However getting value for money is about more than just the cost of the instruments. Actually the price is fairly trivial, its about service and therefore the difference of whether the hearing aids work or not. The amount you pay should reflect the quality of the instrument, the service and your lifestyle requirements. If your lifestyle is fairly relaxed and you rarely leave the house a more basic hearing aid is perfect, if you are still working and socially active then you will need something more premium.

Key questions to ask if you are buying a hearing aid:

1. Have you been offered a choice, have you reviewed the pro’s and con’s of different hearing aid styles and features?

2. Have you trialled them to see if they actually benefit you?

3. What is the warranty period (repairs and replacement)?

4. What level and quality will the fitting be done to?

5. How will the aftercare be delivered?

Five things to watch out for:

1. Some companies offer free guides on hearing aids and follow these up with home visits. They are often lead generation companies who operate in a sales based way.

2. Do not buy hearing aids online without a full hearing assessment, the hearing aid is only as good as the programming.

3. If you are shopping around, only compare ‘like for like’. That includes make, manufacturer, warranty, aftercare, additional extras, qualification of clinician and quality of premises and equipment.

4. Some companies have tie ins with manufacturers, this includes the NHS and therefore options will be limited if this is the case.

5. You should not need to replace hearing aids more than once every 3 years.

For your piece of mind Chalfont hearing Centre have considered and incorporated all of this information into our service delivery model to ensure our patients get the best advice on hearing aids possible. To have a hearing test and get informed and impartial information contact 01494 765144.

http://www.which.co.uk/home-and-garden/bathroom-and-personal-care/guides/how-to-get-the-best-hearing-aid/how-to-buy-your-hearing-aids/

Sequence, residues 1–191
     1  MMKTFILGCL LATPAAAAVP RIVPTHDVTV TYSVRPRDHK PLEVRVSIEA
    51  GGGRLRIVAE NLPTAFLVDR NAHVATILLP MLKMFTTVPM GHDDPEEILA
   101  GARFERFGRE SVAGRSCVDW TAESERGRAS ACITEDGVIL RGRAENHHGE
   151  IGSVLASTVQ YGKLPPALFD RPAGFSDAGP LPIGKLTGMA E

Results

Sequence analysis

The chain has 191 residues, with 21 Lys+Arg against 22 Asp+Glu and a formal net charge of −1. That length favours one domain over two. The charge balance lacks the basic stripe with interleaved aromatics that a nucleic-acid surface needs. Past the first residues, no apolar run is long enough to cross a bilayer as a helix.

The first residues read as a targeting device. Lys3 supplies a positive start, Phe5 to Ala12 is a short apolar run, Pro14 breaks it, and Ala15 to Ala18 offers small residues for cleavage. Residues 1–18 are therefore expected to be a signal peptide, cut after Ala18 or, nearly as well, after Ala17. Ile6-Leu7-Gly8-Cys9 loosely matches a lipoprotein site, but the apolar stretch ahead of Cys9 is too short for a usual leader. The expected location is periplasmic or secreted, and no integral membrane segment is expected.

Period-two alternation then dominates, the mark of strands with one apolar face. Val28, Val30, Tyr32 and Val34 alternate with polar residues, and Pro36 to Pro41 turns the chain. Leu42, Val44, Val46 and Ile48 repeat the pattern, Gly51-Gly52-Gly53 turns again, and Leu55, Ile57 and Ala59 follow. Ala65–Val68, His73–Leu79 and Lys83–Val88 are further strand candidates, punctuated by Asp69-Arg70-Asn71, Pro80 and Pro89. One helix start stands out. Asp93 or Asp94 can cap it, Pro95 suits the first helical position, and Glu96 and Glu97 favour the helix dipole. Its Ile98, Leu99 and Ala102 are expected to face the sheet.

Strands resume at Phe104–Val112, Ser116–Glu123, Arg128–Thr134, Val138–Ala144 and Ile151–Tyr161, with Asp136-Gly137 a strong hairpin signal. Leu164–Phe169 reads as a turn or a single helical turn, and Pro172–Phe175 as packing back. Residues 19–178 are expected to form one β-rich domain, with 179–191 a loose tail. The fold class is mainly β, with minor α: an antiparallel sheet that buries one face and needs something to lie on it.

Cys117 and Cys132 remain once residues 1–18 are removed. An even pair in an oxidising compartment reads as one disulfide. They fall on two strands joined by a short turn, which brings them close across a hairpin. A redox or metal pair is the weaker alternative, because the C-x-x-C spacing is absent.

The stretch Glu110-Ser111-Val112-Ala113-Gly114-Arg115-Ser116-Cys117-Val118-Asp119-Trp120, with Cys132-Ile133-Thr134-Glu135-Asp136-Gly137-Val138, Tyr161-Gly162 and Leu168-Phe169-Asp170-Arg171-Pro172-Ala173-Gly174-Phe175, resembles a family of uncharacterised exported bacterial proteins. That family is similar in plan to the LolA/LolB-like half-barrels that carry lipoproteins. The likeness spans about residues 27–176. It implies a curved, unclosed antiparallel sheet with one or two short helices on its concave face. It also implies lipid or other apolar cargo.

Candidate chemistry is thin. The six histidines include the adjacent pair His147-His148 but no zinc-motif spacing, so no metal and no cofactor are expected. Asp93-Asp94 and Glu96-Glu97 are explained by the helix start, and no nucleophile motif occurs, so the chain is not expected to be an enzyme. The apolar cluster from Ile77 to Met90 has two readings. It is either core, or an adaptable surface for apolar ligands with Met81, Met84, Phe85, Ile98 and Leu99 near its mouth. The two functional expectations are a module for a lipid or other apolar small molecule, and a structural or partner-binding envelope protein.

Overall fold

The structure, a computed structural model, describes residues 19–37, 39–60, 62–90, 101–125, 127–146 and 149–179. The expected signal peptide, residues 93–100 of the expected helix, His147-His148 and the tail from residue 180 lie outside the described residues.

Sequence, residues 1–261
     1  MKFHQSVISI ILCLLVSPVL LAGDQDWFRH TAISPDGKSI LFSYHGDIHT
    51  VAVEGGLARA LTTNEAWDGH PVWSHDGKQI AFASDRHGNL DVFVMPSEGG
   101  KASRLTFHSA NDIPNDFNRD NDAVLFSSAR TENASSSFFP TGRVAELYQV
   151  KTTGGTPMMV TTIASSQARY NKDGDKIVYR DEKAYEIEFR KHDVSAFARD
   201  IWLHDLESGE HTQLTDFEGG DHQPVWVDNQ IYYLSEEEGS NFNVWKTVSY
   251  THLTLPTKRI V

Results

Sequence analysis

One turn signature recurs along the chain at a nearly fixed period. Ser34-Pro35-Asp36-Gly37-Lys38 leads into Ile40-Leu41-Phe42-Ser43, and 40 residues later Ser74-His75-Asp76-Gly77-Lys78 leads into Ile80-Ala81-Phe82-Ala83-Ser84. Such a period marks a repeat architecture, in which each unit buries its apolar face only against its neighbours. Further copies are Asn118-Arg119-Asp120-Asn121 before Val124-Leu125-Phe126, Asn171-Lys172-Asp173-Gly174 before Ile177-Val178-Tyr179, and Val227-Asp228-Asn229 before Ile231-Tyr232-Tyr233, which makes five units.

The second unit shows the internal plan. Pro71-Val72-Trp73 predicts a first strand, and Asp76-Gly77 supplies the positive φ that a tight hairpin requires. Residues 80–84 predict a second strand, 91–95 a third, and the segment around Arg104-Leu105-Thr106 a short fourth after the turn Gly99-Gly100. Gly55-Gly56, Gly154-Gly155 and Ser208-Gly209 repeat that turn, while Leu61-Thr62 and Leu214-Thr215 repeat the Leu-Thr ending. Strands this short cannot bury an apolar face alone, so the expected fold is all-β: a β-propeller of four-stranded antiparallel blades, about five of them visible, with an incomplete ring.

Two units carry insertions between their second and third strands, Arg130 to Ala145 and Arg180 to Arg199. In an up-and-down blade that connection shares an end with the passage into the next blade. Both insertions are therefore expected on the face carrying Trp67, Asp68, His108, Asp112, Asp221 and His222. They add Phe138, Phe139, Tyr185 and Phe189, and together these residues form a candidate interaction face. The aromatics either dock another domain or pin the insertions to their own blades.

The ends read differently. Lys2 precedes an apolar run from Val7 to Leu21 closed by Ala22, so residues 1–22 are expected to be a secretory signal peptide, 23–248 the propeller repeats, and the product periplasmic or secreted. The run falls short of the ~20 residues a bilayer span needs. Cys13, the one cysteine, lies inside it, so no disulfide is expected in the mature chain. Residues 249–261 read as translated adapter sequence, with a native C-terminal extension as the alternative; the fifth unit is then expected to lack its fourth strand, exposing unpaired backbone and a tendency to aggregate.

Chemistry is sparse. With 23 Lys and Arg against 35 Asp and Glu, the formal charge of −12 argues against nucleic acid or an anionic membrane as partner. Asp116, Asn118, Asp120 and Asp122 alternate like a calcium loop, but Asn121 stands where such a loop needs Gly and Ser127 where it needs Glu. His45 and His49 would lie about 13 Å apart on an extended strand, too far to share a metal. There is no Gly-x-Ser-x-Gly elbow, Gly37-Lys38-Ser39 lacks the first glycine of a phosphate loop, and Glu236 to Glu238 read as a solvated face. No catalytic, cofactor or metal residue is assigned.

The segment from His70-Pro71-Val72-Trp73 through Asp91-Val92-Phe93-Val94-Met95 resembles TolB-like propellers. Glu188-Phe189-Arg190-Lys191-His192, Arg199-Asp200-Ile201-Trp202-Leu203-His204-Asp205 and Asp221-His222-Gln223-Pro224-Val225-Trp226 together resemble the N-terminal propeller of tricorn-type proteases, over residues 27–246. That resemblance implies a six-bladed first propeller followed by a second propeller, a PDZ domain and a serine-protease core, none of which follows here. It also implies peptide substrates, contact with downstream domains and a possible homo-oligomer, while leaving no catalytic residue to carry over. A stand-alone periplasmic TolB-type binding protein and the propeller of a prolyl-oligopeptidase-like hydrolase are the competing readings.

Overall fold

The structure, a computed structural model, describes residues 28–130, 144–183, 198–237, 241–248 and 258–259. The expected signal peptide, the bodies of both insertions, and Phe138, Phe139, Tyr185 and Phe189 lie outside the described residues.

Which Magazine Report on Hearing Aid 'Shops'

In October 2010 a Which? investigation revealed serious problems at ‘shops’ selling hearing aids to the public.  In an undercover inquiry they sent researchers with hearing loss to branches of the biggest five high street companies, plus some independent shops.  They found some ‘shops’ failed to ask basic medical questions or properly carry out hearing tests, and missed potentially serious problems. The report detailed below explains the shortcomings found across the industry.

http://www.which.co.uk/documents/pdf/p66-68_hearing_r3-231245.pdf

Is your hearing aid fitted correctly? Are you hearing properly? Can we help?

In the UK there is no standardised way of fitting hearing aids, there are also various different qualifications that practictioner’s may possess in order to fit hearing aids. The outcome and fitting success can vary wildly depending on where you go. Some people may have had negative experiences with private hearing aids, some may have had negative experiences with the NHS. The main factor in the successful fitting of a hearing aid is the audiologist or hearing aid dispenser that is fitting the hearing aid. A hearing aid is only as good as the audiologist fitting it. When choosing a hearing aid it is important not to choose an aid based on price but on the competency of the audiologist.  If the hearing is not fitted using some form of verification you may not achieve optimum hearing levels. Verification typically refers to the process of real ear measurement, insitu audiometry and speech mapping. If you hearing aids have not been fitted using this method they may not be working to their optimum. Under amplification may lead to a lack of clarity and over amplification may lead to feedback, noise, distortion and even further damage to your hearing.

To find out if your hearing aid is performing correctly contact us via email chalfonthearingcentre@live.co.uk or call 01494 765144.